Regarding sedentary lifestyle, it is evident that sedentary behaviors constitute an attribute of the contemporary lifestyle and show a close relationship with various risk factors, in addition to cardiometabolic ones, such as bone health with a tendency to osteopenia, ACVD or cognitive deterioration, including increased risk of death (44-46). Indeed, high amounts of sitting time were associated with elevated likelihood of all-cause mortality and CVD in economically diverse settings, especially in low-income and lower-middle-income countries, according to a recently publication of the Prospective Urban Rural Epidemiology study, where a population-based cohort study included participants aged 35 to 70 years were recruited from January 1, 2003, and were followed up until August 31, 2021, in 21 high-income, middle-income, and low-income countries with a median follow-up of 11.1 years (47). Unlike physical activity programs, which involve time, transport, infrastructure, and logistics to consider, the reduction in sedentary behaviors can be achieved at a very low economic cost through simple micro-interventions, with no time limit, aimed at an increase in physical activity, modification of the sedentary habit and the implementation of activities with higher energy expenditure (48).

Health professionals, especially those dedicated to primary care or general practitioners, need to apply existing treatments in their proper dosage and as early as possible to obtain the maximum benefit and be vigilant in their adherence, as well as in strict observance of therapeutic changes in life habits. The key to success, most likely, lies in the early understanding of the pathophysiology of the cardiometabolic disorder, to be able to intervene biologically and behaviorally before a clinical outcome, which can eventually be fatal.

The clinical consequences derived from the increased cardiometabolic risk can be reflected in (1,15,30,31,49-52):

  • Increased risk of CVD, as atherosclerosis is a ubiquitous condition. Generally, patients with vascular involvement in one arterial territory have atherosclerotic lesions in other arteries.
  • High prevalence of T2DM and its entire clinical association with the highest risk of non-alcoholic fatty liver, cancer, and Alzheimer’s dementia.
  • High frequency of arterial hypertension and arrhythmias such as atrial fibrillation.
  • The impact and damage on target organs such as the heart, arteries, kidney, brain, and liver.
  • Deterioration in quality of life, depending on the degree of disability with lower cardiorespiratory fitness.
  • High mortality, especially sudden cardiac death which, in a high percentage of cases, is the first manifestation of cardiovascular disease.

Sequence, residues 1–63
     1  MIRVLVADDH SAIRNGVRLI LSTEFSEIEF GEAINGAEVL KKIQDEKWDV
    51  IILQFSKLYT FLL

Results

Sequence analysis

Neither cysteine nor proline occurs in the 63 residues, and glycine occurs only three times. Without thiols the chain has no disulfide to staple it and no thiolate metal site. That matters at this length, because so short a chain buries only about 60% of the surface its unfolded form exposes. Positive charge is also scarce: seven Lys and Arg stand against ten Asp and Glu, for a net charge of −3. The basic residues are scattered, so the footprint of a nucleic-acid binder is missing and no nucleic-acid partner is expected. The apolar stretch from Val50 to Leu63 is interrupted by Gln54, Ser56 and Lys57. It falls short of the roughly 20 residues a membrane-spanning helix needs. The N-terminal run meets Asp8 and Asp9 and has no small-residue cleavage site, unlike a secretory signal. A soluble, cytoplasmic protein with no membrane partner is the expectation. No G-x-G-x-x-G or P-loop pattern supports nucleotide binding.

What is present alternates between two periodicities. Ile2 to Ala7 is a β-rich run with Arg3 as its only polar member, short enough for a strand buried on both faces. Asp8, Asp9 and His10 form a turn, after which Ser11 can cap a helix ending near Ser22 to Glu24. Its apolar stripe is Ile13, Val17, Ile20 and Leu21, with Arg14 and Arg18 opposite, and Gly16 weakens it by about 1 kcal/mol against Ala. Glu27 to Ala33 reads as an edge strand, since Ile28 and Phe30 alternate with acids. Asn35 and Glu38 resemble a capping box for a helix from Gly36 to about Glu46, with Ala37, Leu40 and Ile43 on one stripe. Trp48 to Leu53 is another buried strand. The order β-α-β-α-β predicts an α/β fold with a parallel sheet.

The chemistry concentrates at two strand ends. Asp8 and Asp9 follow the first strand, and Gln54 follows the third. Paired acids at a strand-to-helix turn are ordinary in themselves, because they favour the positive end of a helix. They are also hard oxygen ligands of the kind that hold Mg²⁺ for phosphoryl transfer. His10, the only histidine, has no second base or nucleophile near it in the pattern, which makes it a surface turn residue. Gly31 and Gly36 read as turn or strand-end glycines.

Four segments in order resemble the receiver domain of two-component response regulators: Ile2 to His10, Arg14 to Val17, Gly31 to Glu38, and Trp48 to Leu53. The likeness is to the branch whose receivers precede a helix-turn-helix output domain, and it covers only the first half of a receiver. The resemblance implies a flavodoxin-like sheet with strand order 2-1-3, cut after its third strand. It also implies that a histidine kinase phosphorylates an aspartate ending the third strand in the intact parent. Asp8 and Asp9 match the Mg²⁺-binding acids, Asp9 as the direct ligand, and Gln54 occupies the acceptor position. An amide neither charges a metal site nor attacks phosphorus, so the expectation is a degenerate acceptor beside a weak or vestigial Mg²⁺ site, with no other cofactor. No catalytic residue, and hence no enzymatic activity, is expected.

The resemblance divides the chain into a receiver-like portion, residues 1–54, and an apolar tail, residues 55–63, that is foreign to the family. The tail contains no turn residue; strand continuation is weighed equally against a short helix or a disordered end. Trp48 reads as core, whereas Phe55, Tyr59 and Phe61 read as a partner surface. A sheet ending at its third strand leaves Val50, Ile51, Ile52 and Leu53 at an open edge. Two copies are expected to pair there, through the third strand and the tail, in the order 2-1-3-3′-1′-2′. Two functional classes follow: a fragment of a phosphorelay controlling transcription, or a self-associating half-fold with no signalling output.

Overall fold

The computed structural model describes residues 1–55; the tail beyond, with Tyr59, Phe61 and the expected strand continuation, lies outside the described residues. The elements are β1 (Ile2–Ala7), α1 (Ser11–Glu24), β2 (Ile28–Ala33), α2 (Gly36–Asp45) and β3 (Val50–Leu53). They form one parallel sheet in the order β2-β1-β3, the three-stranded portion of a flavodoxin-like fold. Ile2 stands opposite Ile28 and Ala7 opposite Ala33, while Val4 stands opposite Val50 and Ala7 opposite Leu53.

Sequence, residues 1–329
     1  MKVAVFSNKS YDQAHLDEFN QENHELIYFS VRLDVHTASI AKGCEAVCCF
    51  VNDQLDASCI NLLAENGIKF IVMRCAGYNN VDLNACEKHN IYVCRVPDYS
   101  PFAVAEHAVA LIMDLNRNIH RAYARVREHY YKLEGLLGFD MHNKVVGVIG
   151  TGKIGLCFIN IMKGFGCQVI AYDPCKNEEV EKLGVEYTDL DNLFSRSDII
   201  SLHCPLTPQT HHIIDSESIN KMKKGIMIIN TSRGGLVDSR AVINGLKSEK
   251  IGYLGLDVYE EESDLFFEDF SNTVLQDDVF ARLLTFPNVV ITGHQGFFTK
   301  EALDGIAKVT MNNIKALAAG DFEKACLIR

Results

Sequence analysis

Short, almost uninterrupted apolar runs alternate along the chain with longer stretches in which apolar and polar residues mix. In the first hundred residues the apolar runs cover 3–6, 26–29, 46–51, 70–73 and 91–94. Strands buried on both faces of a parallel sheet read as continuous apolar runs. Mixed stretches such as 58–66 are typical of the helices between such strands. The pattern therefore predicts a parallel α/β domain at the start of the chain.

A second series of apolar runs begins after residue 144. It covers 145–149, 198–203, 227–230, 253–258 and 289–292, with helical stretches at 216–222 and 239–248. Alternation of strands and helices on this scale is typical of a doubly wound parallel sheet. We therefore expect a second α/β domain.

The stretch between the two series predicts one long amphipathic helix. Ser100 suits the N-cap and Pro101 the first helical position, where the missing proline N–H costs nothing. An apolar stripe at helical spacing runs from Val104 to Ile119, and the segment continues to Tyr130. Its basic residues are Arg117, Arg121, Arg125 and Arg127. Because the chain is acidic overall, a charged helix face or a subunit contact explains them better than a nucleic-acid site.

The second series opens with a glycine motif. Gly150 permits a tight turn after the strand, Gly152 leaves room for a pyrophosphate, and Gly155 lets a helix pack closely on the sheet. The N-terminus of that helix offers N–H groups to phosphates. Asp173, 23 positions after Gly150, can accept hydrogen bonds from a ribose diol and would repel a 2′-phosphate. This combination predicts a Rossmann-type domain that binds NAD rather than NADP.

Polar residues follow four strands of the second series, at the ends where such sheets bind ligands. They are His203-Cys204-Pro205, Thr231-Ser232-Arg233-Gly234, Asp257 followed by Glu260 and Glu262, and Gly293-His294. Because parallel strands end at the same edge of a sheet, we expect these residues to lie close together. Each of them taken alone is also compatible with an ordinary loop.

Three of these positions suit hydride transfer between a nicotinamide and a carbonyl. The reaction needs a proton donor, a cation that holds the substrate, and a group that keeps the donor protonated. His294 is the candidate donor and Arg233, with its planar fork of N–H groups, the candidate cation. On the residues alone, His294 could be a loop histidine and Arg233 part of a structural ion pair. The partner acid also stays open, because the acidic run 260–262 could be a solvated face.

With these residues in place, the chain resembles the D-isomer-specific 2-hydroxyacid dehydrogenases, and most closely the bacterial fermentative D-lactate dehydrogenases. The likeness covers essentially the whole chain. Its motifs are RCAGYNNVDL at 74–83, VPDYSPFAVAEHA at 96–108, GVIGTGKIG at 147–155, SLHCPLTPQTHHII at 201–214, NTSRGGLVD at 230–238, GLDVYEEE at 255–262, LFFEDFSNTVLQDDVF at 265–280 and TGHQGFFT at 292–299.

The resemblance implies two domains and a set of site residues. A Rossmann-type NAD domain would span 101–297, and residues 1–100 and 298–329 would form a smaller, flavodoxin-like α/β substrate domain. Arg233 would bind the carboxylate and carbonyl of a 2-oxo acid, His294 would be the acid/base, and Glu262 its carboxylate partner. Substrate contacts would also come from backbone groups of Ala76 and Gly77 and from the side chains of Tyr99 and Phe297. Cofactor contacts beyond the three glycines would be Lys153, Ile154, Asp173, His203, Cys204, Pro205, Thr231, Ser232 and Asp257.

Evidence has shown, without a doubt, that strict compliance with treatment (pharmacological and therapeutic changes in lifestyle, especially heart-healthy diet, and daily physical activity routine), reflected in excellent metabolic control (blood glucose, A1c, LDL-C and triglycerides) and blood pressure, can reduce the probability of a vascular event or progression to T2DM by more than 50%, ensuring a better quality of life (7,8). The care of cardiometabolic conditions requires the necessary facility to interact with patients in clear and understandable language, and instruct them about the benefits of existing approaches, as well as the risks of not complying with adherence to the prescribed treatment, or of following strategies and taking medications that are not duly proven, clearly warning that the objective is not only to control altered levels of blood glucose, lipids or weight, but also to prevent CVD, the final destination of these conditions when they are not treated on time and with the appropriate intensity.


High rates of overweight/obesity and prediabetes are found in young peoples studied and indicated the presence an increased cardiometabolic risk to develop ACVD and T2DM and associated complications. Thus, timely intervention is mandatory to identify age-appropriate strategies that address risks and to develop recommendations for routine screening of adolescents to identify those in risks. However, a more widespread public policy must be engaged in promoting healthy eating habits, more physical activity and avoid overweight and obesity no matter age or sex. The cardiometabolic continuum is an educational tool easy to apply in routine clinical practice.



The authors would like to thank Gazi University, Department of Chemical Technology.

Conflict of Interest

The authors declare that they have no competing interests.


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Publisher | Google Scholor